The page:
Whether a country sets out to establish an icon, or it is highlighted by other peoples, nations are identified by these icons in a world growing closer and closer through the McWorld of information sharing and trade. As the globe becomes smaller and available to more people, countries are beginning to use cultural icons as a means to identify themselves as unique nations. Creating cultural icons spreads nationalism and controls the views of a country seen by others. By creating a specific icon, like the circus in North Korea, a government can help to define how others will perceive it while spreading its national identity.
One of the three original fine arts according to the Greeks, architecture has been a revered profession for several thousand years. Based on principles of composition, form, and structure, architecture strives to accomplish simple goals. According to Rob Krier, author of Architectural Composition, a text often given to architecture students early in their studies, “Architecture has to provide us with physical shelter from our environment, create a framework for our activities, and above all, express symbolic and ethical values,” (Krier 11). Resting in between the lines of this seemingly straightforward definition is the catch phrase ‘express…values’. Architecture must express a set of values extrapolated from the client and realized by the designer.
A designer might create a building based on the values of expressing the architecture of a building that used to rest on the site. Conversely he might design a building for a historical district which was so modern that visitors could not, even for a moment, think that it had been built at the same time as the others. Both of these examples assign a value system to a building before the design begins. The architect trying to preserve some of the architectural dialogue of the prior building is working toward historic preservation. The architect designing the purely modern building is as well. He aims to preserve the history of the older structures surrounding his site by not trying to make his new building look like them. While one can imagine the end result of these two examples looking quite different, the value system employed to solve the problem was the same.
Societies are not building stone temples or great walls anymore, but they are giving architects the opportunity to shape a nation’s image through other large-scale projects. The tall office building has come to replace the temples to the Greek Gods as the iconographic archetype of the 20th and 21st centuries. Beginning with the birth of Louis Sullivan’s first cast iron tall building in Chicago in the late nineteenth century skyscrapers have been revolutionizing city skylines for over one hundred years (Beedle 3). Since the advent of steel and high strength concrete, up to ten times stronger then traditional concrete, in the 1930’s and 40’s, tall buildings have been rising steadily. As their height became grander so did their symbolism. In America structures like the Chrysler and Empire State buildings rose out of a depressed economy to signify a triumphant strength present in the country (Beedle 5). These buildings became symbols of democracy, capitalism and endurance. Today tall office buildings continue to grow and symbolize the cultures that create them as today’s opportunity for cultural icons.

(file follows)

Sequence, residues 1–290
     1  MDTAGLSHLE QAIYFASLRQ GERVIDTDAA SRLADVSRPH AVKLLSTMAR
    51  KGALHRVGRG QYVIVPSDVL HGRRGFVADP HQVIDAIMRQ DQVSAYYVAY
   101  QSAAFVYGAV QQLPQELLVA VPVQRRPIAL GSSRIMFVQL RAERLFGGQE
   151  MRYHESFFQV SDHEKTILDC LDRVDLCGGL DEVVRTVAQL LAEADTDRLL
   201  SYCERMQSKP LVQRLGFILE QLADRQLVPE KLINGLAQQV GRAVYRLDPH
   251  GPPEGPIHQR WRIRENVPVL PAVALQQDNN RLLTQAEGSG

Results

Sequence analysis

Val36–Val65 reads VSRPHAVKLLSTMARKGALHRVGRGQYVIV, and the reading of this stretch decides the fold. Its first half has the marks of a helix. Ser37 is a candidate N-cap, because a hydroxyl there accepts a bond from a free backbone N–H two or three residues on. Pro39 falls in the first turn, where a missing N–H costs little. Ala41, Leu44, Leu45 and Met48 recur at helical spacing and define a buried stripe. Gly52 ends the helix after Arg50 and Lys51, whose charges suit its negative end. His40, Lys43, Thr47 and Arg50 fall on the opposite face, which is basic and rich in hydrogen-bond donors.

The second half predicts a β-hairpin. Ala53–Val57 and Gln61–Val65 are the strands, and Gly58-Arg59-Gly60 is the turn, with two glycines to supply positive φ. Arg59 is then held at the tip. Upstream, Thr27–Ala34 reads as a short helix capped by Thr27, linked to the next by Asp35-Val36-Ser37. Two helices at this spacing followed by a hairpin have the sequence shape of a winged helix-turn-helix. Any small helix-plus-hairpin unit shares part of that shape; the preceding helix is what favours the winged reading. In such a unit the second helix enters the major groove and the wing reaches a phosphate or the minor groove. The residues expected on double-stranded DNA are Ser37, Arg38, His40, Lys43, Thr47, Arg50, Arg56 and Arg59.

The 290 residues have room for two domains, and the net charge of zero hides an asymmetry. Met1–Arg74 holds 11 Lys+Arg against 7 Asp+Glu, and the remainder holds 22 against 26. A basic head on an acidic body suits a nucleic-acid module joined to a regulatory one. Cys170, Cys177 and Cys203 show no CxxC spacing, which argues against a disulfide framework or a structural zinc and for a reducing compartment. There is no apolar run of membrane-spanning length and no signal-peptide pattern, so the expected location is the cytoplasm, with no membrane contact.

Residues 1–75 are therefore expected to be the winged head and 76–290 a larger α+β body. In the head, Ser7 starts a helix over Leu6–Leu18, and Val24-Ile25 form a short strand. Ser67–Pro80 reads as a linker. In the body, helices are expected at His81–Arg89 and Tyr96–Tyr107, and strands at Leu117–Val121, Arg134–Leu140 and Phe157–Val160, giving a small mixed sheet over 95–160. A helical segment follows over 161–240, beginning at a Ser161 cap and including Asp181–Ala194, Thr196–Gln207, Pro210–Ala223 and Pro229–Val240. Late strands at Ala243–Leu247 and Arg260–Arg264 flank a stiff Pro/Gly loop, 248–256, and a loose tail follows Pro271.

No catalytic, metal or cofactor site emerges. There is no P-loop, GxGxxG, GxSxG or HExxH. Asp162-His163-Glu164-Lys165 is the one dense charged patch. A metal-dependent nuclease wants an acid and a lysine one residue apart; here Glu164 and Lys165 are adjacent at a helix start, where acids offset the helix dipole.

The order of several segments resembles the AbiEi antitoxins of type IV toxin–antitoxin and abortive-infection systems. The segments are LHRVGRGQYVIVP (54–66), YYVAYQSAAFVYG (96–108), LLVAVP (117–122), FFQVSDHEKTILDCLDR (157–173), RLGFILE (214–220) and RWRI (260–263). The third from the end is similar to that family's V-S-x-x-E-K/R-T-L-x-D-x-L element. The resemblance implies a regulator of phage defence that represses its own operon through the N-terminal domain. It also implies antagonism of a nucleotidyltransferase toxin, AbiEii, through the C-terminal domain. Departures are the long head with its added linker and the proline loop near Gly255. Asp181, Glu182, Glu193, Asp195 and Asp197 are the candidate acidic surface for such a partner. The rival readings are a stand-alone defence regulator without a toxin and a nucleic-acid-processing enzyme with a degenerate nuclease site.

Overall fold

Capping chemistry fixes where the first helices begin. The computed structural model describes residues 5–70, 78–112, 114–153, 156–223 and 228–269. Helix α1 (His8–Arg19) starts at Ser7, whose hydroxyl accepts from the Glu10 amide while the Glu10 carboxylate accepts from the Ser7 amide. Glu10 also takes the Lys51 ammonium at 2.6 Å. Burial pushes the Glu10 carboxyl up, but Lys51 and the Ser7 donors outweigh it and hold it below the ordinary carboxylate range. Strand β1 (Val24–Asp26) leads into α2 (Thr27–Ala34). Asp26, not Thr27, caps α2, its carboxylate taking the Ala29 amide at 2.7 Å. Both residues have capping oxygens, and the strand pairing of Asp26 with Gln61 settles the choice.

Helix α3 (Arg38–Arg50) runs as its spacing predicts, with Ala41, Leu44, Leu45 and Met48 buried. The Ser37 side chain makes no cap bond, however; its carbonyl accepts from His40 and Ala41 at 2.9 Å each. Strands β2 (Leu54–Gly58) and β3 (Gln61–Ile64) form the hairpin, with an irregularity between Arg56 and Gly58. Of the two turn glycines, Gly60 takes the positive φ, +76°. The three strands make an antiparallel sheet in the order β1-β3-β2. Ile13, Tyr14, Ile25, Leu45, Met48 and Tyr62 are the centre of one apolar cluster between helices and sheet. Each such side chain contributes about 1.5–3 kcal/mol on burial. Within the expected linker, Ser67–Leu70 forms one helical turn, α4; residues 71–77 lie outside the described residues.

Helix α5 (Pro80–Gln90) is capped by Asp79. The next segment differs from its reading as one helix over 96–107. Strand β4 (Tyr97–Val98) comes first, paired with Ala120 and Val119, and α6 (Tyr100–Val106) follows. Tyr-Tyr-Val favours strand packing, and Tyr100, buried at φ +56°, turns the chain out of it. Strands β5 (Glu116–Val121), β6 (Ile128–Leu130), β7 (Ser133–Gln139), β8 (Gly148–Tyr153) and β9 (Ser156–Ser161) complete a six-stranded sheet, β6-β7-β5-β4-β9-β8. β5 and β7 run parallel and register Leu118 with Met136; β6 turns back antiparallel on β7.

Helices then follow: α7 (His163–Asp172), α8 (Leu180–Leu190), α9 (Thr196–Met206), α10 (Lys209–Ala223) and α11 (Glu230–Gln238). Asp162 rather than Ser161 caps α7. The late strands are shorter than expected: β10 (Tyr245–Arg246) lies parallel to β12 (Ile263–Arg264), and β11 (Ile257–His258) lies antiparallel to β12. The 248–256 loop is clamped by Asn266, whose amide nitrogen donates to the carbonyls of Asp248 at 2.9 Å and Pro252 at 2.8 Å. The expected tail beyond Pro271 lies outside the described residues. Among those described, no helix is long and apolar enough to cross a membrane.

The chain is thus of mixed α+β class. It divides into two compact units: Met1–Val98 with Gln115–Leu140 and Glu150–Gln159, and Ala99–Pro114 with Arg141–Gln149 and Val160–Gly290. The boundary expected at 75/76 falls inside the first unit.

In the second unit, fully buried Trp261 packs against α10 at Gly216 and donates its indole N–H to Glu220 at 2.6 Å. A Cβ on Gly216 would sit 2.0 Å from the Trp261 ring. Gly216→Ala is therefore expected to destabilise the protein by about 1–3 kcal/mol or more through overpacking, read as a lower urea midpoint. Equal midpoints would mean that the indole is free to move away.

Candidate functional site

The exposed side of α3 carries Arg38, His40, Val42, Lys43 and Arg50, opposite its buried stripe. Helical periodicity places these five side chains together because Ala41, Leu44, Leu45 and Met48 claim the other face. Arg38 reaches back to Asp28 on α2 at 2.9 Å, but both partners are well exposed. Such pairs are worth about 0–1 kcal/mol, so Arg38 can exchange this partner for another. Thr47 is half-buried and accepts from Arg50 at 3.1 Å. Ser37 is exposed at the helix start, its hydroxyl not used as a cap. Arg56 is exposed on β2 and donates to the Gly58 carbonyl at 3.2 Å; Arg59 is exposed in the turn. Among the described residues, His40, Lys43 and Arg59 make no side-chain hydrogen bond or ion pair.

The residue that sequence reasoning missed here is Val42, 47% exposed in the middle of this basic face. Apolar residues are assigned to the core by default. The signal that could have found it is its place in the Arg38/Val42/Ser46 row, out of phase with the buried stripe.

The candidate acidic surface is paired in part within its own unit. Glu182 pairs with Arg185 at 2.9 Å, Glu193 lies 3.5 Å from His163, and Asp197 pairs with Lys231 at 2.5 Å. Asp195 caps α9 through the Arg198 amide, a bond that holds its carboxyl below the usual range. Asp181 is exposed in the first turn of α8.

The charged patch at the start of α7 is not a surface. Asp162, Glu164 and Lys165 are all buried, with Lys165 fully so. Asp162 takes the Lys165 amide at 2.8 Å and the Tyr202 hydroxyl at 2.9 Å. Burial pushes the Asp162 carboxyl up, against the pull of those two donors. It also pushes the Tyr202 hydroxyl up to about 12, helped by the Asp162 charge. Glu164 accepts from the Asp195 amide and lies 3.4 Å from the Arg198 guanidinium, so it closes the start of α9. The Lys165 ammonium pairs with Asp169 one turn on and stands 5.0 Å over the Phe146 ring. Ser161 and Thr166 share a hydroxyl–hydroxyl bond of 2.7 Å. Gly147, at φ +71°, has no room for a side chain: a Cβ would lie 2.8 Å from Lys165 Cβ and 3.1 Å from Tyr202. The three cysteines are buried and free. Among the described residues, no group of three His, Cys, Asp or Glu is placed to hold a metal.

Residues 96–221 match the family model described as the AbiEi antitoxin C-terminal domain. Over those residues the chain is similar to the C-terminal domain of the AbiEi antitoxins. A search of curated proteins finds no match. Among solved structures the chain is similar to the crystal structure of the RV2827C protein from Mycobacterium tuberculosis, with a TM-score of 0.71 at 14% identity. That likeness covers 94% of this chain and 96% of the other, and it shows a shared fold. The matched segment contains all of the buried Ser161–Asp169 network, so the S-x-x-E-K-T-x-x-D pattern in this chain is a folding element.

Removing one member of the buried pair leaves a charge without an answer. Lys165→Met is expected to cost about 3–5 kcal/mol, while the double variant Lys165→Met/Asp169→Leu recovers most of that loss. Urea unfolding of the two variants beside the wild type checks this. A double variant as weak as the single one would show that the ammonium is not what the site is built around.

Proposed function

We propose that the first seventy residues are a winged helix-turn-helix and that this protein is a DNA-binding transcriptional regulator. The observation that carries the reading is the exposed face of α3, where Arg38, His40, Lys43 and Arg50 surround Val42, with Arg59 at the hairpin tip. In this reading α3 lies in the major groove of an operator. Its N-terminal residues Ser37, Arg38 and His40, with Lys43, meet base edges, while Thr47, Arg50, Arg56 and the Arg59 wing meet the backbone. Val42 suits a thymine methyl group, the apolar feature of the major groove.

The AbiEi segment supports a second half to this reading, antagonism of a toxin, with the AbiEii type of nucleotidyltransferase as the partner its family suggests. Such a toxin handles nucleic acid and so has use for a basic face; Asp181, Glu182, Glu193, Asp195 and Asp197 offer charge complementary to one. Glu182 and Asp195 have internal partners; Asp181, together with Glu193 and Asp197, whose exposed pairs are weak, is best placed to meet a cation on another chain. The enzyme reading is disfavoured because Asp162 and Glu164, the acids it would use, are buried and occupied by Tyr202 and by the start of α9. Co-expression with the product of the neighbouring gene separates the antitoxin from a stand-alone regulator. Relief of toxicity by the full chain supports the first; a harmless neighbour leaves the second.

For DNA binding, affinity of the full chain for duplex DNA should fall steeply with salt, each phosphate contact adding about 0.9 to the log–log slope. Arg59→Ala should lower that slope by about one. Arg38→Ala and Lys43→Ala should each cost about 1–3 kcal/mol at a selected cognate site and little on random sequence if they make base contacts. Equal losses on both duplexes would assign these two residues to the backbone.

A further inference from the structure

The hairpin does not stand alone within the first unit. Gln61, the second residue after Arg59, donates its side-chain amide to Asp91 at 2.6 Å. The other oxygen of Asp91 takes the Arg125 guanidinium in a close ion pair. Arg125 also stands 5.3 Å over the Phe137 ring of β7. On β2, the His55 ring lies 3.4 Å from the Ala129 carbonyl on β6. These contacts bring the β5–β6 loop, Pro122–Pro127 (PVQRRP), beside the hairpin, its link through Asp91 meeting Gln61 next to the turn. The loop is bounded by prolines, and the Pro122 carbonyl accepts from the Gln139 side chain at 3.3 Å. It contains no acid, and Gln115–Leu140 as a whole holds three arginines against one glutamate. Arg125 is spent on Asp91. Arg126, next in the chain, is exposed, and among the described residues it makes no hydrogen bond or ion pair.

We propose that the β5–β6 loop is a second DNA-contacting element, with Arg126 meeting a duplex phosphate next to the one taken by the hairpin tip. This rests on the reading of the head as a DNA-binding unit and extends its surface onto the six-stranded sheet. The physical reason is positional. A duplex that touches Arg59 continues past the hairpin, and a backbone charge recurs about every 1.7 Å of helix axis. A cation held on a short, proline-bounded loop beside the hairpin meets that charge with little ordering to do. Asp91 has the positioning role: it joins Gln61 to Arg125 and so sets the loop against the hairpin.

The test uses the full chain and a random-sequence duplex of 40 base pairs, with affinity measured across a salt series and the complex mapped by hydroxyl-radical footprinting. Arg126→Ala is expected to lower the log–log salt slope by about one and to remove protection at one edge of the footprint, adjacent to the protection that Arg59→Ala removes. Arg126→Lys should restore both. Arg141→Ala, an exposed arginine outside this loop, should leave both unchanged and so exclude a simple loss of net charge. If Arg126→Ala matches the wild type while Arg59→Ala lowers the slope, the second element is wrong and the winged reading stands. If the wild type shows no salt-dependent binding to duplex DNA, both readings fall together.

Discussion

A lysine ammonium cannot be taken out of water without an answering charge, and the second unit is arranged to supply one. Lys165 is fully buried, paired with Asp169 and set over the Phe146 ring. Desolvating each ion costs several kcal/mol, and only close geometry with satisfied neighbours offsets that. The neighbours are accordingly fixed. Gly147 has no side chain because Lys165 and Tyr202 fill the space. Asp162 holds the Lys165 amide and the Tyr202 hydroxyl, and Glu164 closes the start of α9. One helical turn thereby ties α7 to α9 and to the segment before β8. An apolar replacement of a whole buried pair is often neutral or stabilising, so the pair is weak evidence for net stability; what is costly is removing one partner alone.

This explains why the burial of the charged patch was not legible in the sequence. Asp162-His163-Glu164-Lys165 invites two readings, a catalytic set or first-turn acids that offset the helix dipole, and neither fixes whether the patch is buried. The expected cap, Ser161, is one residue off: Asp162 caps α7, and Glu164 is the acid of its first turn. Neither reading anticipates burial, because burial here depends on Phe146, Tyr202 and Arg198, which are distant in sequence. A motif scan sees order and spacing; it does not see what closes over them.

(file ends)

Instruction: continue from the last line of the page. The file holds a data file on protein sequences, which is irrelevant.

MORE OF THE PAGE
As architects find themselves wearing the hat of icon creator, one important issue arises. In the design of cultural icons how much of a particular culture should the average person be able to see in the icon? Two varying schools of thought have come to light as a result of this problem. Some architects feel a balance of culture, site (i.e. integration of a new building in an existing urban fabric) and modern techniques must meld together to form a culturally specific building. Other designers call for an end to false cultural objects that resemble old buildings around them in favor of new designs not misguided by what was appropriate for a culture in another time period.
John Hoskin, writing for Architectural Record, argues that site and culture gestures must be made by architects for buildings to function in his article (Hoskin 1). Referring to the building boom now underway in Thailand, Hoskin criticizes past urban planners for not being sensitive to cultural as well as environmental issues. He cites the example of western tall buildings dropped into a tropical climate as indicative of the universal, cultureless architecture being built today (Hoskin 2). The tropical climate in Thailand makes some modern western design invalid. The hot sun and wet air renders the glass curtain wall (a system for covering the exterior of a tall building in the west) totally inappropriate (Hoskin 2). The glass curtain wall offers no shade or protection from the hot sun and is susceptible to leaks against driving monsoons (Hoskin 2). It is a system that yields energy and comfort inefficient buildings. Even though Hoskin admits that many Asian countries are turning to tall buildings that look more western and express modernity and progress, their systems don’t necessarily yield efficiency in a tropical environment (Hoskin 2). According to Hoskin, many Asian countries associate these archetypes with prosperity and strength despite their total lack of function in an Asian environment.